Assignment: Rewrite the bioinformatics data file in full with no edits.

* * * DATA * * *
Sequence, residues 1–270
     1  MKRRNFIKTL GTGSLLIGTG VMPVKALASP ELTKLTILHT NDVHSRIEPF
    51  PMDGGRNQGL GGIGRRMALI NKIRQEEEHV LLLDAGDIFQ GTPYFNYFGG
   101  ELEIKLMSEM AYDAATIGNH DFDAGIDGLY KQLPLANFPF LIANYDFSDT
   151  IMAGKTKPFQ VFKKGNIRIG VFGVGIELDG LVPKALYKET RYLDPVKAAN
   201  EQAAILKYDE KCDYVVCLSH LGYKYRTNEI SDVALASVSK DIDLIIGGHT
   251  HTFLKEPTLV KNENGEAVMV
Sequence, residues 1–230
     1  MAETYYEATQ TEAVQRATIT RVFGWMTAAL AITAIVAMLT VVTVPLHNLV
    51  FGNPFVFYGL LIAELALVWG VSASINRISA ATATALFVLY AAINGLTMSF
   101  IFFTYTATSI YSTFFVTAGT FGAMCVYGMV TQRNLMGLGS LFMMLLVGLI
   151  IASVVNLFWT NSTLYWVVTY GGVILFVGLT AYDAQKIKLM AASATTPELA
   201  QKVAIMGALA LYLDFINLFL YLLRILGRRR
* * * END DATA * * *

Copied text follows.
Sequence, residues 1–270
     1  MKRRNFIKTL GTGSLLIGTG VMPVKALASP ELTKLTILHT NDVHSRIEPF
    51  PMDGGRNQGL GGIGRRMALI NKIRQEEEHV LLLDAGDIFQ GTPYFNYFGG
   101  ELEIKLMSEM AYDAATIGNH DFDAGIDGLY KQLPLANFPF LIANYDFSDT
   151  IMAGKTKPFQ VFKKGNIRIG VFGVGIELDG LVPKALYKET RYLDPVKAAN
   201  EQAAILKYDE KCDYVVCLSH LGYKYRTNEI SDVALASVSK DIDLIIGGHT
   251  HTFLKEPTLV KNENGEAVMV
Sequence, residues 1–230
     1  MAETYYEATQ TEAVQRATIT RVFGWMTAAL AITAIVAMLT VVTVPLHNLV
    51  FGNPFVFYGL LIAELALVWG VSASINRISA ATATALFVLY AAINGLTMSF
   101  IFFTYTATSI YSTFFVTAGT FGAMCVYGMV TQRNLMGLGS LFMMLLVGLI
   151  IASVVNLFWT NSTLYWVVTY GGVILFVGLT AYDAQKIKLM AASATTPELA
   201  QKVAIMGALA LYLDFINLFL YLLRILGRRR